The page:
UFCW Local 175 President Shawn Haggerty

Shawn Haggerty

President, Local 175 UFCW Canada

President’s Message Winter 2021

Ford swings into full election mode

The gears are moving in anticipation of the provincial election next year. Ads have begun, and Ford’s promises and new legislation announcements are going to be a regular occurrence. Ford’s only concern is re-election. He believes that if he throws enough scraps out there, that the public will forget how little he’s done to look after and serve the needs of the people over the last four years.

He might be right. But I know that the people of Ontario have better memories than that.

Minimum Wage

Right out of the gate, Ford eliminated minimum wage increases, that would have put the rate at $15 per hour as of January 2019, and froze the rate for two years. Happy employers; Workers left falling behind.

But in November, Ford announced that minimum wage would be $15 per hour on January 1, 2022. And while that’s a step in the right direction, his past rhetoric was that $15 per hour hurts businesses. In fact, $15 is not a living wage anywhere in this province anymore. The living wage across Ontario is well above $15 per hour.

• Guelph – $18.10
• Halton – $20.75
• Kingston – $17.75
• Niagara – $18.90
• Sault Ste. Marie – $16.20
• Thunder Bay – $16.30
• Toronto – $22.08
*Source: Ontario Living Wage Network (Nov 2021)

Ford also refuses to lift Bill 124, which caps wage increases for many frontline nurses and other workers, and is an infringement on the collective bargaining rights of those workers.

Paid Sick Days

In 2018, Ford scrapped the two legislated paid sick days that workers had. Only after more than a year of the pandemic and intense pressure from all sides did Ford give in – just a bit – and create an inadequate and temporary program that grants three paid sick days to Ontario workers, and only for COVID-19 related illness.

The truth is, these kinds of worker-friendly announcements can’t hide the truth of his allegiance to the best interests of business.

Truth and Reconciliation

Ford chose not to recognize the National Day for Truth and Reconciliation as a provincial statutory holiday. Many employers followed suit, making the same wrong decision, with some violating collective agreement language in doing so. Read about an arbitration victory on this matter with Loblaw Companies on page 14 of the Winter 2021 issue of Checkout magazine.


In October, the government said it would legislate to allow the Workplace Safety & Insurance Board (WSIB) to return up to $3 billion to employers. The WSIB plans to cut employer premiums by $168 million while continuing to force injured workers to live on inadequate benefits. You can read more on this on page 20 of Checkout Winter 2021.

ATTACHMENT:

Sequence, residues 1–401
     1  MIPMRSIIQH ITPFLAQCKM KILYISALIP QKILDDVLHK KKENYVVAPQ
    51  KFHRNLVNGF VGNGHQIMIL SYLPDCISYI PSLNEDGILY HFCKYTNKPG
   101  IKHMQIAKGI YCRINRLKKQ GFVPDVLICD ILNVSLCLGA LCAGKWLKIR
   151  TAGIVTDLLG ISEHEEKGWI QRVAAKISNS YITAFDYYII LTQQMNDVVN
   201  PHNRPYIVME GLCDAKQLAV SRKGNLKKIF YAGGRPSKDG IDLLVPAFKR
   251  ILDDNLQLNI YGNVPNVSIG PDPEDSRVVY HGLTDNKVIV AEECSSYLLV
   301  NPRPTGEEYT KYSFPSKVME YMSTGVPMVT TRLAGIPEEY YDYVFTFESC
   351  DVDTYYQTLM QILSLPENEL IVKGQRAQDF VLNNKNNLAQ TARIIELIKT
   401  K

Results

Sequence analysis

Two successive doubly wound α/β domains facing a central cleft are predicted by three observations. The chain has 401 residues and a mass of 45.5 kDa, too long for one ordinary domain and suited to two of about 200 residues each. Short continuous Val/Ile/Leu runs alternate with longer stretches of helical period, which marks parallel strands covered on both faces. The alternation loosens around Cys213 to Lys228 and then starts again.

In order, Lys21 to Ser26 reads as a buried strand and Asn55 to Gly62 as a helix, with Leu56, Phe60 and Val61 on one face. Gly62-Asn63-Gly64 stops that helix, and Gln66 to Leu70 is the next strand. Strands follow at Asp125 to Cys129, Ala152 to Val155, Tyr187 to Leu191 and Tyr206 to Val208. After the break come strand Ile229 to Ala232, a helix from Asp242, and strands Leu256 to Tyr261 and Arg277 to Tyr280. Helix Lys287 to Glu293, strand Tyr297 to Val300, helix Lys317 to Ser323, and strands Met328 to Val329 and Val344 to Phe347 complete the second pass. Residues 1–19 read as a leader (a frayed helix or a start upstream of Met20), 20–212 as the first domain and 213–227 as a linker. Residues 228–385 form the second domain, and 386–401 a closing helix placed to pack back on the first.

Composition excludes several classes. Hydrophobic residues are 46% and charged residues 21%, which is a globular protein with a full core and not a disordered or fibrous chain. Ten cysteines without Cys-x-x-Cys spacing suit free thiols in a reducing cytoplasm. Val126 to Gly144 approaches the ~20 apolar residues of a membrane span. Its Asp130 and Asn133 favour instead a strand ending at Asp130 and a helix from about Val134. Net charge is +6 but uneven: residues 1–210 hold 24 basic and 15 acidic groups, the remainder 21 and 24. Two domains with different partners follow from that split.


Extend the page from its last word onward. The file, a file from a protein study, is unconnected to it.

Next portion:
These are just a few examples of how Ford will play both sides to get the vote. I know there’s more to come in the next six months and this won’t be the last time I speak about Ford on these pages. For now, I ask you to be wary of Ford’s antics and to keep the bigger picture in mind as we approach next year’s election.

I had hoped, like everyone else, that this year we’d have been pandemic-free and back to a more regular routine. With a hopeful light at the end of this tunnel, I encourage everyone to do their best to help keep us on the right track.

As we wrap 2021, another year of sometimes overwhelming change and adaptation, I want to thank you, our members, for your continued commitment to your co-workers and your jobs despite these difficult times.

Please take this camaraderie with you through the holiday season and lean on it when you need to. And please know that your hard work does not go unappreciated.

Take care.
In Solidarity,
Shawn Haggerty

UFCW Local 175 Secretary-Treasurer Kelly Tosato

Kelly Tosato

Secretary-Treasurer, Local 175 UFCW Canada

Secretary-Treasurer’s Message Winter 2021

What would a Wealth Tax mean for Canadians?

In the federal election, versions of a wealth tax appeared in several party platforms: whether a one-time tax, or an annual one per cent paid on wealth of more than $10 or $20 million.